In the model, the evolution of the public deficit is countercyclical and the impact of an increase in the public deficit on GDP is positive, but excessive indebtedness increases the risk premium on the long-term interest rates paid to finance this debt, which ultimately undermines the effectiveness of fiscal policy.
The rules that we simulated are: (a) a balanced (at 0.5% of GDP) budget or the “new golden rule”; (b) the 5% per year rule on debt reduction; (c) the 3% ceiling on the total deficit (status quo). We also evaluated: (d) the impact of adopting an investment rule along the lines of the golden rule of public finance which, in general, requires a balanced budget for current expenditure over the cycle, while allowing the debt to finance public investment.
We simulated over 20 years, i.e. the horizon for implementing the 1/20th rule, the impact of the rules on growth, on the inflation rate and the structural public deficit and on the level of public debt. First, we analyzed the path followed by the four economies after the adoption of each fiscal rule in 2010. In other words, we asked how the rules work in the context of the fiscal austerity that Europe is currently experiencing. Second, we simulated the dynamics of the economy after a demand shock and a supply shock, starting from the base situation of the Maastricht Treaty, with the economy growing at a nominal rate of 5% (growth potential of 3% and inflation rate of 2%), and a debt level of 60%. It is interesting to note that the real growth potential in the euro zone countries has been consistently below 3% since 1992, which has helped to make the rule limiting public finances even more restrictive than originally planned.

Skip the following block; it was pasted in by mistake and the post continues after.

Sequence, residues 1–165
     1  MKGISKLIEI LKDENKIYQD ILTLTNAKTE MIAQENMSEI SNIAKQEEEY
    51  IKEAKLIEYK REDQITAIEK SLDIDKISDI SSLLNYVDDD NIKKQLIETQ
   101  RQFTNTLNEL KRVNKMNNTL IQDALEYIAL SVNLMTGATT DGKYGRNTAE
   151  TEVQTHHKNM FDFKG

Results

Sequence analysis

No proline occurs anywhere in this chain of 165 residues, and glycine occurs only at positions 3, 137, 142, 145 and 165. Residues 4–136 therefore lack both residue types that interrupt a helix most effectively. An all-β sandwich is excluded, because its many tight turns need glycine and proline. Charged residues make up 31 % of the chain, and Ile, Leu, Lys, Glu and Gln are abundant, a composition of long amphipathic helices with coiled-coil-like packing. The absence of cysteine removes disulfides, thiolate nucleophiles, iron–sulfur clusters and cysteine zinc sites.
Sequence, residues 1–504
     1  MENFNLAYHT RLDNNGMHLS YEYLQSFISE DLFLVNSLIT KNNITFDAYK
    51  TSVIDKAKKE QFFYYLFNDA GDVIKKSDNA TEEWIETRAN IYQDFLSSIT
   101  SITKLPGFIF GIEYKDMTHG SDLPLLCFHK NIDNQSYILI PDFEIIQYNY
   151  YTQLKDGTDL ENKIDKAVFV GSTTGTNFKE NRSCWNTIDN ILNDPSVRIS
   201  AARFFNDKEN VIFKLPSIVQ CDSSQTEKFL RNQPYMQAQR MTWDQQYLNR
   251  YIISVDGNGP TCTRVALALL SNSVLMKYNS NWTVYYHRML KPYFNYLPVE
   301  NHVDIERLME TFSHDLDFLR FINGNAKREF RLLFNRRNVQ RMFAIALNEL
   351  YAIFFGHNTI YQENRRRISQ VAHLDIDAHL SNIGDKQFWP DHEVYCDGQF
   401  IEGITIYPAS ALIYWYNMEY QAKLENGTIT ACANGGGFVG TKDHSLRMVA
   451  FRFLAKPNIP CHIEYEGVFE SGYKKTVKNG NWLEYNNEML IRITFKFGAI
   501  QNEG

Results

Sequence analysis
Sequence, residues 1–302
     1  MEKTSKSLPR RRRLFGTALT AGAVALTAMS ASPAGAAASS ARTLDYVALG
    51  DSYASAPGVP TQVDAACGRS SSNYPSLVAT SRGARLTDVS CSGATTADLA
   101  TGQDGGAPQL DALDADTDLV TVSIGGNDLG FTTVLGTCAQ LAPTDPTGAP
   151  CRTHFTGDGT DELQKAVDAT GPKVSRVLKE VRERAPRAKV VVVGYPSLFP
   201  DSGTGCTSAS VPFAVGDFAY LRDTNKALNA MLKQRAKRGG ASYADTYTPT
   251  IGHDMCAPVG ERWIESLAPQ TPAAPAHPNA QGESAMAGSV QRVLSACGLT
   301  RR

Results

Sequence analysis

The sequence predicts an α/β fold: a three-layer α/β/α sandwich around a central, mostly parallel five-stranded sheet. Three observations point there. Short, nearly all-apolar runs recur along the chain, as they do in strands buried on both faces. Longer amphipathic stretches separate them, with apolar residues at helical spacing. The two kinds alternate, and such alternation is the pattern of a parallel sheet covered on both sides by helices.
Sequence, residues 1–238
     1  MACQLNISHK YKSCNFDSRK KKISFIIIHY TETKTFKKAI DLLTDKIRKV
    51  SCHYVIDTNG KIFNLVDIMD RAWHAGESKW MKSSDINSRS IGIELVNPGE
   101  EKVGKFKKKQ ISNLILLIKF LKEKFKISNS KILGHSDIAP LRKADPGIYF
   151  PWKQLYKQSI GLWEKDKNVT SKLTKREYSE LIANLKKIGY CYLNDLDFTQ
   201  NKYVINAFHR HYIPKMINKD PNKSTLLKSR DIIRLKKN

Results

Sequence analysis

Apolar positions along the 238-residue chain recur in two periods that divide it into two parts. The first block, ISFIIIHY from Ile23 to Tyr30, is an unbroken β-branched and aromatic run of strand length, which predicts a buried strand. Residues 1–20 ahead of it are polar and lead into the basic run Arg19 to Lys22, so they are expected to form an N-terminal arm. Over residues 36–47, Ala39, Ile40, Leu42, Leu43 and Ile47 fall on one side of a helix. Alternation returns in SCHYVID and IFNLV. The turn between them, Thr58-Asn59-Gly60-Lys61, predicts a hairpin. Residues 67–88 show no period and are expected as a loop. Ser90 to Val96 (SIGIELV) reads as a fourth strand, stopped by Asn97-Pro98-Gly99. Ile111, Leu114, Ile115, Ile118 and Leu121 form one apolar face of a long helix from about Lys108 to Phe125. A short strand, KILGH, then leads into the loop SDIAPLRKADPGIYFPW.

Our simulations led to a number of results. First, in every case the adoption of the rules produced a short-term recession, even in small countries with a small fiscal multiplier and a small initial public debt, such as the Netherlands. This complements the analysis that the widespread implementation of austerity in Europe is inevitably undermining growth (see The very great recession, 2011) by showing that there is no fiscal rule that, strictly applied in the short term, makes it possible to avoid a recession. This finding points to an incentive on the part of government to dissociate the use of the fiscal rules de facto and de jure: in other words, if the ultimate goal of economic policy is the preservation and stability of economic growth, then it is wise not to act on the pronouncements.
Second, recessions can lead to deflation. Under the constraint of zero nominal interest rates, deflation is very difficult to reverse with fiscal austerity.